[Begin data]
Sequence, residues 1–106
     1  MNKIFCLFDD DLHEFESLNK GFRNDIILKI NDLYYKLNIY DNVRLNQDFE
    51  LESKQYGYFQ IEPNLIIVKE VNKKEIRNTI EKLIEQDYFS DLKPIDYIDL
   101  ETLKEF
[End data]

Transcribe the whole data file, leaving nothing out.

Sequence, residues 1–106
     1  MNKIFCLFDD DLHEFESLNK GFRNDIILKI NDLYYKLNIY DNVRLNQDFE
    51  LESKQYGYFQ IEPNLIIVKE VNKKEIRNTI EKLIEQDYFS DLKPIDYIDL
   101  ETLKEF